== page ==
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Author Topic: Bone Spavin - am I right to smell BullPoop?  (Read 1405 times)

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Offline RooA

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Bone Spavin - am I right to smell BullPoop?
« on: October 27, 2014, 06:57:28 PM »
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  • So a friend of mine is looking to buy a horse.  She's had a rough time with her current horse (Horse A) who passed a 5-stage vetting with flying colours then promptly went lame in trot a few months later  - it's all a complete mystery and she hasn't come sound with physio, vet visits, rest or daily walking hacks etc etc etc, she's ploughed a lot of time and money into Horse A but has decided to call it quits and look for a new home for her.  She thought she had found a nice home for this mare but I think it might fall through.  :sad:  (anyone want a gorgeous 17.2hh light hack/companion?? *hopeful face*)

    ANYWAY - assuming she can still get a new horse she has been to look at one (Horse B) with a lot of potential as the fun all-rounder she is looking for.  Unfortunately she has been informed that Horse B has bone spavin "that doesn't affect her at all".

    From what I can gather the horse has shown hock abnormalities on an x-ray that was taken as a precaution "just because I like to know everything" supposedly NOT because there were any symptoms  - and the horse is sound and working with no problems.  Part of me already thinks "why take the x-ray then" but I can also understand wanting to know stuff.

    Now the seller of Horse B has also said that "every horse has spavins to some extent after 9 years of age"  - this has really got me baffled... REALLY?  Is there any truth in that at all?  She has encouraged my friend to Google it but that seems unwise given  that most on the internet about spavins is very doom and gloom and I haven't found anything yet that confirms the assertion that "they all have it"!  Seller has also said "it is just like humans getting older - less movement in the joints" and the horse "has good strong ligaments and tendons and is fit" so it won't affect her until her mid-twenties like all old horses.... apparently.  The horse is 12.

    What do you think?

    My thoughts are along the lines x-ray has picked up that hocks has arthritic changes, not yet showing symptoms but basically could at any point.  I think I would be happier if the horse had fully fused bones spavins and was still sound enough to do the kind of work my friend wants (hacking and local shows including a bit of jumping, possibly some TREC/pleasure rides etc)

    After all the bad luck of Horse A I really wouldn't want my friend to buy Horse B and basically have the same thing happen.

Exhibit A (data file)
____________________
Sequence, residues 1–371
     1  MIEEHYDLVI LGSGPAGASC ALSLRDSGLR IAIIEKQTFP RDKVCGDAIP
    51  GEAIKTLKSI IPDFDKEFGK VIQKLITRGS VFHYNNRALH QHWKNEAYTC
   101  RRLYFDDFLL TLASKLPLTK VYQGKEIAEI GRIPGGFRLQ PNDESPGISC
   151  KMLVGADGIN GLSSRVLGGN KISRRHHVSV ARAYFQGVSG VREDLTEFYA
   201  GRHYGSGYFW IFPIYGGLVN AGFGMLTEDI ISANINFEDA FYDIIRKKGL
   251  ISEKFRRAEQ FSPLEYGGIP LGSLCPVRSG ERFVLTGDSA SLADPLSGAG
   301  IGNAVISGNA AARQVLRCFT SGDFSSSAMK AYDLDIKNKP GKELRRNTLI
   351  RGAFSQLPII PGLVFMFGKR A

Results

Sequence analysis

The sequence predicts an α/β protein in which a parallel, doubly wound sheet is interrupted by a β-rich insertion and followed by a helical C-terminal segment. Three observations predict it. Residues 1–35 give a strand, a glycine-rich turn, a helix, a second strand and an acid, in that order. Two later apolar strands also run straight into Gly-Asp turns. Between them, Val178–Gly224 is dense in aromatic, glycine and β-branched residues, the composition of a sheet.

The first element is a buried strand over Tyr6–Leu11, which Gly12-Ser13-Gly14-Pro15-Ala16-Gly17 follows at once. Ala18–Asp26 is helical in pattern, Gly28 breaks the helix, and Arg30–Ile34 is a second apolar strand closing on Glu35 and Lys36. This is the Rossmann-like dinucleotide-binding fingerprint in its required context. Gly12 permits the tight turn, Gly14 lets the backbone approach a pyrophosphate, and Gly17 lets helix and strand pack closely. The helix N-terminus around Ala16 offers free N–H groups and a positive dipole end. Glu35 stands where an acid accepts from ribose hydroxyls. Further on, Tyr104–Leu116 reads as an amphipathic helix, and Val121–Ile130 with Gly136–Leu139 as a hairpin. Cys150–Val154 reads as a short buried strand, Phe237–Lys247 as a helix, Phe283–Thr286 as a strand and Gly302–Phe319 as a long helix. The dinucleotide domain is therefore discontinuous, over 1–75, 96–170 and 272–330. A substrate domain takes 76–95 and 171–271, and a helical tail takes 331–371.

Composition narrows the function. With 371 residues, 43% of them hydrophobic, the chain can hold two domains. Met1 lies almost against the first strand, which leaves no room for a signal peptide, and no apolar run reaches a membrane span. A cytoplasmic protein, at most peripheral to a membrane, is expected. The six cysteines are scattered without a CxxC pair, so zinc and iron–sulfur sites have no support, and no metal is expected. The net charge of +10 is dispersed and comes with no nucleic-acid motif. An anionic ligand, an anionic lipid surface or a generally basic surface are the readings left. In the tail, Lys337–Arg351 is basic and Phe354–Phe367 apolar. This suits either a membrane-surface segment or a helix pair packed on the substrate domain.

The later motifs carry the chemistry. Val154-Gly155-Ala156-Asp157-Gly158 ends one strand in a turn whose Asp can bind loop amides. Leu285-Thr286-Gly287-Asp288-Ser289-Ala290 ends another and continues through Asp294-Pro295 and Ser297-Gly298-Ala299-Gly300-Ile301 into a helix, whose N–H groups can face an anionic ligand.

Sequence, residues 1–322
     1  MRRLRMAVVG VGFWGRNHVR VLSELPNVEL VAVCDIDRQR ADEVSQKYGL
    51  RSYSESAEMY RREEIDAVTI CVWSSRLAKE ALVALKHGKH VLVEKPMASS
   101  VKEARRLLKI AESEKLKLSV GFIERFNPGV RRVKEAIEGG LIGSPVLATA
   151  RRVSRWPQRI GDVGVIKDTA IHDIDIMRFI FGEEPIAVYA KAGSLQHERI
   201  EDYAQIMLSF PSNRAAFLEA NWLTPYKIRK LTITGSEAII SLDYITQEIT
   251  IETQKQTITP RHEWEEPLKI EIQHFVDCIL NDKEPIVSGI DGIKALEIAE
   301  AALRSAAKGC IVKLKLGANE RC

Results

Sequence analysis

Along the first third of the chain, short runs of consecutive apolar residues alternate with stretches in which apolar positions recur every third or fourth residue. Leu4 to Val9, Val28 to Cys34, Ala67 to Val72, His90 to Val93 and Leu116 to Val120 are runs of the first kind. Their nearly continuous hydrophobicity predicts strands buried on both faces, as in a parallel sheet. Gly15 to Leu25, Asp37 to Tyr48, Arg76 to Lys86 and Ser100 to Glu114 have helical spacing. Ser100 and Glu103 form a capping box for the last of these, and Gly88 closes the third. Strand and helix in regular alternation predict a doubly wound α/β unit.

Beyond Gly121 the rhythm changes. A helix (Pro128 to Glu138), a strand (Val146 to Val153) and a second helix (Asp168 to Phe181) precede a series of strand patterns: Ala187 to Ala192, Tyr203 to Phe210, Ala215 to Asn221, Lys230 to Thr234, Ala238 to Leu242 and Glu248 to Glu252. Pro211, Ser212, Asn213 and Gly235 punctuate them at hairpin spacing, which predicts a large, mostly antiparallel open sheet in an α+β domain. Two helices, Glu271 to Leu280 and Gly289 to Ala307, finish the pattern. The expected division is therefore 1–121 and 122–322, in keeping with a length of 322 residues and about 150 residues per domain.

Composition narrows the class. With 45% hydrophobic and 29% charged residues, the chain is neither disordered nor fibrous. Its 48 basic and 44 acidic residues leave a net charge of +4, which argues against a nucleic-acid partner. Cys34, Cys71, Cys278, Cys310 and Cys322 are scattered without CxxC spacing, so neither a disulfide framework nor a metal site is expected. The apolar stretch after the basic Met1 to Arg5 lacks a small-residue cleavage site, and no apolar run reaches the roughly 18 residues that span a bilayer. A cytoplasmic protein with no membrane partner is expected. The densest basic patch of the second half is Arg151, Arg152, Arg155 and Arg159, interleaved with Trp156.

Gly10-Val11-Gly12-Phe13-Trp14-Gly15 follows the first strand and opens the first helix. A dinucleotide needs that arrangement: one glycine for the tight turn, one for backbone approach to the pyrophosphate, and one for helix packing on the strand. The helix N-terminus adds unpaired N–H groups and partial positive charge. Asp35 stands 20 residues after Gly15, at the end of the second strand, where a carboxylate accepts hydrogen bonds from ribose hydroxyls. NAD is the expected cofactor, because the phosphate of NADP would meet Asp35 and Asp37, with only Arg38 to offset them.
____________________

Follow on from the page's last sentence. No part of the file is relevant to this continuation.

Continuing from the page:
Any input much appreciated!!

    Offline ParisDiamond

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    Re: Bone Spavin - am I right to smell BullPoop?
    « Reply #1 on: October 27, 2014, 08:12:52 PM »
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  • Walk away. Buy with your head not your heart!  Anything negative on purchase is silly to ignore. Buy a 6 year old is my advice, old enough to be ready to work, young enough not to be broken!  Hind limb issues are rarely minor.
    Tracey Brimble DAEP, North Somerset

    Offline SilkyRaven

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    Re: Bone Spavin - am I right to smell BullPoop?
    « Reply #2 on: October 27, 2014, 09:46:40 PM »
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  • Nope. Now, I don't regret buying Dino for a second but a 'retained tooth that will be no problem to remove if need be' has so far cost me over 7.5k (uninsured as it was mentioned on the vetting) and it has drastically changed my opinion about what you should accept or not when buying. I don't think it's true that 'every horse has bone spavins' and given the trouble your friend has already had I'd be looking for something less risky. Anything already known is also uninsurable! I'd walk away, personally.  :sad:

    Offline RooA

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    Re: Bone Spavin - am I right to smell BullPoop?
    « Reply #3 on: October 27, 2014, 10:06:16 PM »
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  • Thank you so much for the replies - they have really confirmed what I was thinking so thank you.  :)

    Unfortunately I have also given my friend bad news about a potential home for Horse A today as well so I have totally ruined everything all in one afternoon!!

    Offline Tiber

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    Re: Bone Spavin - am I right to smell BullPoop?
    « Reply #4 on: October 30, 2014, 09:01:23 PM »
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  • You haven't ruined everything, you were just the bearer of bad news, and bad news is like that - someone has to say it!

    I'd walk away too - you don't want to take on something with known issues, even if they are not issues at the moment. I'd also want to know why the x-rays were taken if there were no symptoms.

    But then this is my experience of similar (not bone spavins though): Honey had x-rays of both front feet when she was 12 (after I'd owned her for four years) due to an unexplained lameness in the foot, and the vet said she showed navicular changes in both front feet - nothing out of the bounds of normal for a horse her age, but that it might lead to navicular syndrome in later life. The x-rays were done to try and diagnose a different issue, but picked up on the bone degeneration at the same time. (She's now 19 and still going strong...)

    Honey, Pip and The Duckies in soggy mid-Wales.